Description

BACKGROUND

Many organizations struggle with identifying authentication theft incidents over their networks. These organizations likewise have difficulty detecting “hot spots,” which are machines where authentication theft may occur. Specifically, hot spots are machines that allow attackers to extract information and escalate their privileges using the extracted information or properties of the machine, including, credentials, host IP, signature, or time of day, etc. Hotspots either have exposed, or currently are exposing, privileged accounts to authentication theft.

In order to move vertically and climb to “higher” assets in terms of sensitivity or privileged access rights, an attacker can compromise the account of one of higher privileges, for example, an account of a high power user like an administrator. For instance, the hot spot machine can allow connections from both medium and highly privileged accounts. If an attacker is able to escalate their privileges using an administrator's privileges, or by use of properties of the machine, the attacker may access other network resources, thus potentially expanding their freedom of movement throughout the network and compromising more of the network.

If attackers are able to escalate their privileges using an administrator's privileges, the attackers may possibly take control of an organization's IT infrastructure, disable security controls, steal confidential information, commit financial fraud, and otherwise disrupt operations. Privilege escalation is used in many network security breaches today, in both on-premises networks and in cloud environments.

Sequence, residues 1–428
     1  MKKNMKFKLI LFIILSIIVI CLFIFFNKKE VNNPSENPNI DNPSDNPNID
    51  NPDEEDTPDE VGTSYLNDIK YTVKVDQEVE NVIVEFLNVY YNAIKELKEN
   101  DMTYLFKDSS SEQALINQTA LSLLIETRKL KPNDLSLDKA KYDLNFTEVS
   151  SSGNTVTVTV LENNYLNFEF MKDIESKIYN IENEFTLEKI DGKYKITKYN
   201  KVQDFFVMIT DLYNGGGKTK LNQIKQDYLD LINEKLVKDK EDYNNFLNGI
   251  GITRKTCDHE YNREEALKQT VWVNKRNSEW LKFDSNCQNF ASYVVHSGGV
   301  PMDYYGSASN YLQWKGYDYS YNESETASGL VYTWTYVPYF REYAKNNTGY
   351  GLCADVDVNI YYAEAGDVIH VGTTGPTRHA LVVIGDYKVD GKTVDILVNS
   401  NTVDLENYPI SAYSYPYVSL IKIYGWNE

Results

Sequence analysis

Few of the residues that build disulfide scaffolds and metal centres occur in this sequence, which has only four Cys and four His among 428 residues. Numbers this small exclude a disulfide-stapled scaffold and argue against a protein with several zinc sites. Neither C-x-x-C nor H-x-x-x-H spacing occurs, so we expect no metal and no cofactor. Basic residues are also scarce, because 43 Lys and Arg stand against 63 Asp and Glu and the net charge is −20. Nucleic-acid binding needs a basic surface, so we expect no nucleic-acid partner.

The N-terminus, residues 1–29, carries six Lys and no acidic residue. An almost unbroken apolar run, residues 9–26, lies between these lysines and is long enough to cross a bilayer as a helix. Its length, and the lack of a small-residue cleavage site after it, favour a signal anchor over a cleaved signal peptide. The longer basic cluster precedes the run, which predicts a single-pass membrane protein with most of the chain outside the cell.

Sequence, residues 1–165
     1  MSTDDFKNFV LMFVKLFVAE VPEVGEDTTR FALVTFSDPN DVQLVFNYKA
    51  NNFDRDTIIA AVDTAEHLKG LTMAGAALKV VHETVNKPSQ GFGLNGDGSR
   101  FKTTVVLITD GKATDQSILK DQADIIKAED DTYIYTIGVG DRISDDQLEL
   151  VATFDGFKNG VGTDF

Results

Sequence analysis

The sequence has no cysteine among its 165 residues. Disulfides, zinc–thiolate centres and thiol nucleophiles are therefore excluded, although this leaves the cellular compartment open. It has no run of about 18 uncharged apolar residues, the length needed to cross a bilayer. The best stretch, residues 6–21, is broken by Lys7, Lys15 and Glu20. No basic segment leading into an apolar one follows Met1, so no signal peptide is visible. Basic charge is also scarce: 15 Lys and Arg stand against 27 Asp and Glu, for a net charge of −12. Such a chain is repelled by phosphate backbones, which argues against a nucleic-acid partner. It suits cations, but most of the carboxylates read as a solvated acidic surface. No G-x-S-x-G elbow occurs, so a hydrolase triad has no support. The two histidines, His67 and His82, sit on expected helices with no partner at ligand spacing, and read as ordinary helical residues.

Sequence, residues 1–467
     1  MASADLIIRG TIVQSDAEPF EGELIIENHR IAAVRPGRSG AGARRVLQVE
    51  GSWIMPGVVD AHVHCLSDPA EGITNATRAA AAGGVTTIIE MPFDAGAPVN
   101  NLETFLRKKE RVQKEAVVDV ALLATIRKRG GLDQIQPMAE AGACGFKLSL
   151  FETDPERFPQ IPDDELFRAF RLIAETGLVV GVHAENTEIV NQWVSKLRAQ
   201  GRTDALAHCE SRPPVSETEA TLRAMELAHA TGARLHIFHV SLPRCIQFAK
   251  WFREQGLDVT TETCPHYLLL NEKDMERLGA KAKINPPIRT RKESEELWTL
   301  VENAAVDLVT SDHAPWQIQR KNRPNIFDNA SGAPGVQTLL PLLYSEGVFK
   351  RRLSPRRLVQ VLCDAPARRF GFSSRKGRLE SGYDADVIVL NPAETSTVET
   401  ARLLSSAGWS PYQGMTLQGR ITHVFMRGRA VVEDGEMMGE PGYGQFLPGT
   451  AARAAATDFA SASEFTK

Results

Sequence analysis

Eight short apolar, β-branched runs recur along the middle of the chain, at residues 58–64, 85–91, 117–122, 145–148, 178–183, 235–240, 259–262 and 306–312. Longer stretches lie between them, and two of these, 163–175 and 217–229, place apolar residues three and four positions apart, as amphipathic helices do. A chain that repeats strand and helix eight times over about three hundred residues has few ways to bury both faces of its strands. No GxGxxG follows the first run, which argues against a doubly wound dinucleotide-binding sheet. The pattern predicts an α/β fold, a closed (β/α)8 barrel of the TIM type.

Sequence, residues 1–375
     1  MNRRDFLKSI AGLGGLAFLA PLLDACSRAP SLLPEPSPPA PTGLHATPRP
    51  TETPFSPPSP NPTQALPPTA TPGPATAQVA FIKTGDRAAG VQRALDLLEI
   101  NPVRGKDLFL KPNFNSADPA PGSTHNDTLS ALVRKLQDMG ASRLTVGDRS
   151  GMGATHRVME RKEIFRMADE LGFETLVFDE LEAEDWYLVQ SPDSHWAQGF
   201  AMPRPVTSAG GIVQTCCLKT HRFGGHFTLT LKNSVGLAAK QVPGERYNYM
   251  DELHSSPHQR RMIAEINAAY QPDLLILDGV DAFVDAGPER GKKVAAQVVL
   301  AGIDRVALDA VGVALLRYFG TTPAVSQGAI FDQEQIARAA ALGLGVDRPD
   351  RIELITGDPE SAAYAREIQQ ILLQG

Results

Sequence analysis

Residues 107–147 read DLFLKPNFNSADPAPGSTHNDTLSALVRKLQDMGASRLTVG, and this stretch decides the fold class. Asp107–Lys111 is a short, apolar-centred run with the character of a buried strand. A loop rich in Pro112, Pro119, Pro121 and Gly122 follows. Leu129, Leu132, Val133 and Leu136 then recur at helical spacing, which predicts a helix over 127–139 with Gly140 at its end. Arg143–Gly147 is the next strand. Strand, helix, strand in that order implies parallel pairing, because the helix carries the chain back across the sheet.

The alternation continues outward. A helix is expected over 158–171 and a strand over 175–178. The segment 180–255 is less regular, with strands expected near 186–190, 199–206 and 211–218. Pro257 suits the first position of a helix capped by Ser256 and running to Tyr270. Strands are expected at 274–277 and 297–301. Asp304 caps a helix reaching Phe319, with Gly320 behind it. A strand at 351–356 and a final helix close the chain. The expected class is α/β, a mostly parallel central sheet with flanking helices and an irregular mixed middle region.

Current systems attempt to avoid creation of hot spots using layered network architectures and network segmentation. Some tools allow organizations to draw attack vectors based on use of privileged credentials. Some existing approaches for collecting network information and identifying hot spots include: BloodHound, Cyberark DNA®, PowerView, and PingCastle. However, tools like BloodHound, for example, are static, one-time execution tools that do not account for the dynamic nature of organizational networks and privilege escalation. Moreover, tools like BloodHound do not allow for any action once a risk is recognized.

Similarly, the tier doctrine guides organizations to segregate network access based on sensitivity or privileged tiers. For example, an administrator account with local administrator access to Tier 1 assets, should not have access to tier 0 or tier 2 assets. If such access is possible, privileged accounts from another tier might be able to compromise the administrator account, on a hotspot to which they are both connected, and use the administrator account's privileges to take over another tier of the network. Accordingly, eliminating hot spots by creating secure work flows based on the tier doctrine, may help organizations reduce future risks and contain a machine compromise to a tier compromise (i.e., not a full network compromise). Nevertheless, it can be restrictive and to an organization to establish such secure work flows, and if there are exceptions to the work flows the problems of hot spots remain significant.

It would be advantageous, therefore, to mitigate privileged escalation techniques by identifying possible locations in a network that are prone or exposed to attacks, which use privileged or sensitive accounts in order to perform escalation. There is thus a need for technological solutions for actively identifying network resources that have privileged access escalation vulnerabilities.

SUMMARY